Instead of the FSAdvent2022 application's single F# project to hold both the server and client-side, these are now split into three separate F# projects: client, server, and shared. This is not strictly necessary as the WebSharper Booster (which is responsible for cached compilation of WebSharper projects) usually recompiles colocated client+server code in a 2-3-4 seconds, it can, however, result in faster turn-around times if your changes to be compiled are only in your client-side code.

The new build project (Build.fsproj and build/build.fs) follows the typical FAKE layout that you might have seen with other web apps, with a Run target to build and watch the client/server projects and starting a vite server. The client project uses the WebSharper CLI to provide a more streamlined watch functionality, bypassing ordinary MSBuild logic, and recompilation after changing+saving source files takes ~1.5 seconds. The page is also automatically refreshed, thanks to vite's development mode.


3. ESM output and Vite

WebSharper 7 produces one-file-per-type (OFPT) ESM output and TypeScript declarations, and while it has its own dead-code eliminator and bundler, it is also designed to readily integrate with standard JavaScript tooling, and this PT is no exception: it comes with vite for running an ESM development server and providing production mode bundling.

To start your app, all you need is to trigger the Run target:

dotnet run


4. Femto

WebSharper 7 JavaScript bindings/NuGet packages are compatible with femto for managing their underlying npm dependencies. You can use femto to finetune/update/validate package references in your packages.config as needed, and otherwise just continue adding new WebSharper libraries as NuGet packages.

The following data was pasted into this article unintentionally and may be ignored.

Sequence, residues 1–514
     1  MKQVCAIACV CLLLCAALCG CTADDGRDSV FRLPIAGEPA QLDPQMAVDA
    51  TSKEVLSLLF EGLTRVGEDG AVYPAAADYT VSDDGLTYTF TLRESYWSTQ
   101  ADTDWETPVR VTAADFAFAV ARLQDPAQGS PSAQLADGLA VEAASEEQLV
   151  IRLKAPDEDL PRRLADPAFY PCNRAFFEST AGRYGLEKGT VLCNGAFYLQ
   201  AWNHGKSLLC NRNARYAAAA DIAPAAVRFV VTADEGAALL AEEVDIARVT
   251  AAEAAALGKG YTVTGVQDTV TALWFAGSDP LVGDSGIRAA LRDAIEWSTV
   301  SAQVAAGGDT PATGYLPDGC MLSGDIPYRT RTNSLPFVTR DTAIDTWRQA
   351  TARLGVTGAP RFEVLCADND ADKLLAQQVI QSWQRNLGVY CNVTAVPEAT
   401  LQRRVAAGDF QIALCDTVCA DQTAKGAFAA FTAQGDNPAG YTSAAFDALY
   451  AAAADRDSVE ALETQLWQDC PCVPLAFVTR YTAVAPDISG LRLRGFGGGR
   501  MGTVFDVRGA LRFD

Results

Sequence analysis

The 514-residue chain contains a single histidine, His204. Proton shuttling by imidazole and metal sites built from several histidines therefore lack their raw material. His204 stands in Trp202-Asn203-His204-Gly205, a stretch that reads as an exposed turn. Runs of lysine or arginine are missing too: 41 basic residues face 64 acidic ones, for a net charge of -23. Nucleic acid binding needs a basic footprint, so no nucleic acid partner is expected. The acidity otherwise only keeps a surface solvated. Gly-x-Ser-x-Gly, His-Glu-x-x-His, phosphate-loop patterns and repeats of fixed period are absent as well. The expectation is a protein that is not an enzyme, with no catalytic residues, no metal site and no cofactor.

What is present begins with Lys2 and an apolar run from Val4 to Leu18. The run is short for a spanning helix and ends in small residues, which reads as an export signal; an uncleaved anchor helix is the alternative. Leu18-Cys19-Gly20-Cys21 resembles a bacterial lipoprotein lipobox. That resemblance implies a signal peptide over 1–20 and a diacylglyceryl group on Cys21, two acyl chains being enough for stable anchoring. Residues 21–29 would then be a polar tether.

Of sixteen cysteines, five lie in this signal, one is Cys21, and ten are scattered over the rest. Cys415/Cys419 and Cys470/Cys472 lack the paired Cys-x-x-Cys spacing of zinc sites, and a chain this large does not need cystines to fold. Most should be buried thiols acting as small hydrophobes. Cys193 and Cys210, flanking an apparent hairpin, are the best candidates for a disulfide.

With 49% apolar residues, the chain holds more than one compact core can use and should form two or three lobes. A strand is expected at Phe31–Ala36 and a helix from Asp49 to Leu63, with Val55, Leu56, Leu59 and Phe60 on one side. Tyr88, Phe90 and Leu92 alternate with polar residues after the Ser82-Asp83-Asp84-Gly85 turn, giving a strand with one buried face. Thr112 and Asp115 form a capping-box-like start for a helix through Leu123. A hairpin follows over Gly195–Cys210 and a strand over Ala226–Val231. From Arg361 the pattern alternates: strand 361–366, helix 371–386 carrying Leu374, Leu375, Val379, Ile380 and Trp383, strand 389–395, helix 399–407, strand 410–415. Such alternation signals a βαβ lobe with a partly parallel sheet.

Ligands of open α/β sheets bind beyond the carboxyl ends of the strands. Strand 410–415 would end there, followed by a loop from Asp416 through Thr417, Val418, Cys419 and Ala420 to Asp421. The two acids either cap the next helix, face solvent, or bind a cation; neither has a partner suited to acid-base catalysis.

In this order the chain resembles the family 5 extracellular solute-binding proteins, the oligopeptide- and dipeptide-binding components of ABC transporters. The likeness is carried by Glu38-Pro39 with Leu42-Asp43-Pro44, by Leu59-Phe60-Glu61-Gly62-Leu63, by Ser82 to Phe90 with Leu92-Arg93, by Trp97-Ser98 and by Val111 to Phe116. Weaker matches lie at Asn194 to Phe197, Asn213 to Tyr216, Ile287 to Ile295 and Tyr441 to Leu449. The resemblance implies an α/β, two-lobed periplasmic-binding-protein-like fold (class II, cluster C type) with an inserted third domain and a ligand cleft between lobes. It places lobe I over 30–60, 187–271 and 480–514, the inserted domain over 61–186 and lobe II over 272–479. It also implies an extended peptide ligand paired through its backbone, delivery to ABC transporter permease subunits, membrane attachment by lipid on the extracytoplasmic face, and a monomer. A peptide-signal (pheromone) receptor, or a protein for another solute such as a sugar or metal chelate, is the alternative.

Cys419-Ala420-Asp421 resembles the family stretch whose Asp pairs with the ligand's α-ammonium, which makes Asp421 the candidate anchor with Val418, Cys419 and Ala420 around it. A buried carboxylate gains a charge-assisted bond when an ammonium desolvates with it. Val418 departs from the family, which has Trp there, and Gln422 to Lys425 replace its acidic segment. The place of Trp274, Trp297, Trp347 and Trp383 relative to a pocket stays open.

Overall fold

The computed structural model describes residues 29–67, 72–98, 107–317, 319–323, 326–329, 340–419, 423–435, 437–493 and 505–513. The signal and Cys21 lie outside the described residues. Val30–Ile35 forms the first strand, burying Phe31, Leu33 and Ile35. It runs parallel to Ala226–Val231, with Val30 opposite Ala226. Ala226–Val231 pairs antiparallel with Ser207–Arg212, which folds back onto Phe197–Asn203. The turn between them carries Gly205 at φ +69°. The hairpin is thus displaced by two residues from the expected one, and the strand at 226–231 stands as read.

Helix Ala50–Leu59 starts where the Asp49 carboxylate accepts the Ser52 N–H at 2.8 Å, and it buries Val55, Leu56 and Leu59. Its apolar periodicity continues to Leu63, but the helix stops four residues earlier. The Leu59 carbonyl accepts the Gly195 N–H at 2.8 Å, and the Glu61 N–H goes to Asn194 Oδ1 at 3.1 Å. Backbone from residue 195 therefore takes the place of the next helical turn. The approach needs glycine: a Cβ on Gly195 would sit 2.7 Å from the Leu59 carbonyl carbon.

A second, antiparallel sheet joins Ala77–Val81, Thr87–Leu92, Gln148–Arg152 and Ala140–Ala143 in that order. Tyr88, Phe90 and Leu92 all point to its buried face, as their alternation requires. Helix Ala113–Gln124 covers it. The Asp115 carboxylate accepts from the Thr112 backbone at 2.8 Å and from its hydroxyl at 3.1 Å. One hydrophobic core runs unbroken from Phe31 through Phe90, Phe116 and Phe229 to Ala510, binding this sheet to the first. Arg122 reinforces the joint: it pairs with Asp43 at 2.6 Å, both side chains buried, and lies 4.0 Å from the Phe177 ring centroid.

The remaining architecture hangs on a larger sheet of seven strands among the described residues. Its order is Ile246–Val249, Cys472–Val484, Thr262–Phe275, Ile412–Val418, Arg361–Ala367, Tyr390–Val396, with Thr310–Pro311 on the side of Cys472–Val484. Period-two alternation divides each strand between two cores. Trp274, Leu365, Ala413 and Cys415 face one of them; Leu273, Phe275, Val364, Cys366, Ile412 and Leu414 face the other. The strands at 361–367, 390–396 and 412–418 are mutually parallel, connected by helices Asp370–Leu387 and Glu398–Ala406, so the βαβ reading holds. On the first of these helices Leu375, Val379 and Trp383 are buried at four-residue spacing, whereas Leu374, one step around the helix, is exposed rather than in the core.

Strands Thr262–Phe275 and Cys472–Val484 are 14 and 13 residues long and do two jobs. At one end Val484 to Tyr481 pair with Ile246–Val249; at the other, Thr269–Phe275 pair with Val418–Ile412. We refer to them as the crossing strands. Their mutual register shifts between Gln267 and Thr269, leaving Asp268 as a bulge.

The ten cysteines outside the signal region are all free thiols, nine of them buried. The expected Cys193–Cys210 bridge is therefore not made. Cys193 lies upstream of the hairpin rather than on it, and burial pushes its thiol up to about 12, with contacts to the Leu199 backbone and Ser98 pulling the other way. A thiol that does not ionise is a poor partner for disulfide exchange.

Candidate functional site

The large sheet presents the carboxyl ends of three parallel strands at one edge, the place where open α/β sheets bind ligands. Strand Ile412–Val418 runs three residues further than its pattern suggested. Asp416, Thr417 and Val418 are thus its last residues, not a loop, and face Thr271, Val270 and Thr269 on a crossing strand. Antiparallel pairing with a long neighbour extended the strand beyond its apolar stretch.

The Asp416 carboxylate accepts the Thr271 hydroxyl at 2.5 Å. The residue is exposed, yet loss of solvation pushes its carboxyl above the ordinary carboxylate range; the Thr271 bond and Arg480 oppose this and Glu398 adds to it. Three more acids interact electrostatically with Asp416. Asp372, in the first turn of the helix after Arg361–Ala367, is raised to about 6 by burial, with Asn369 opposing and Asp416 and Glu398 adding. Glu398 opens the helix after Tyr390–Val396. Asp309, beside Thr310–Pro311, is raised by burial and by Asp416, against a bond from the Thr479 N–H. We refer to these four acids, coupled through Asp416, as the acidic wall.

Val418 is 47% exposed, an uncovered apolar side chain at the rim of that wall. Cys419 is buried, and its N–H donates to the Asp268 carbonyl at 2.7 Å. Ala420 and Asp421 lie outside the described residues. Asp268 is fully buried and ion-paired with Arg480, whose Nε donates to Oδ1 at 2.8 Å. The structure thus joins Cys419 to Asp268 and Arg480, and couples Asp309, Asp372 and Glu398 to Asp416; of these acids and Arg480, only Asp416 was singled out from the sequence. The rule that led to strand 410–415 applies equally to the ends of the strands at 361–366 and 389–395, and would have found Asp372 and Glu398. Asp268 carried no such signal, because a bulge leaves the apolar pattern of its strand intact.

5. Record-style RPCs

WebSharper 7 remoting supports record-style RPCs, in addition to annotated RPCs and classes used in previous releases. One added benefit is that WebSharper RPCs are now also callable from Fable.Remoting clients (as long as the types involved are supported by the caller code), and vice versa with minimal code changes.

For instance, here is the RPC contract from shared that can supply an array of customer transactions:

namespace Shared

open WebSharper

module DTO =
    type Client =
            FirstName: string
            LastName: string
            Position: string
            AvatarUrl: string

    type Status =
        | Approved
        | Pending
        | Denied
        | Expired

    type Transaction =
            To: Client
            Amount: float
            Status: Status
            Date: System.DateTime

 * A record type to hold our RPCs.
 * For discovering these RPCs, they need to be marked
 * with the [<Rpc>] attribute.
type IApi = {
    GetAllTransactions : unit -> Async<DTO.Transaction array>

And here is the implementation code from server:

module Service

open Shared
open Shared.DTO

let server : IApi = {
    GetAllTransactions = fun () ->
        async {

// Register the server-side handler for the RPCs.
WebSharper.Core.Remoting.AddHandler typeof<IApi> server

What's next?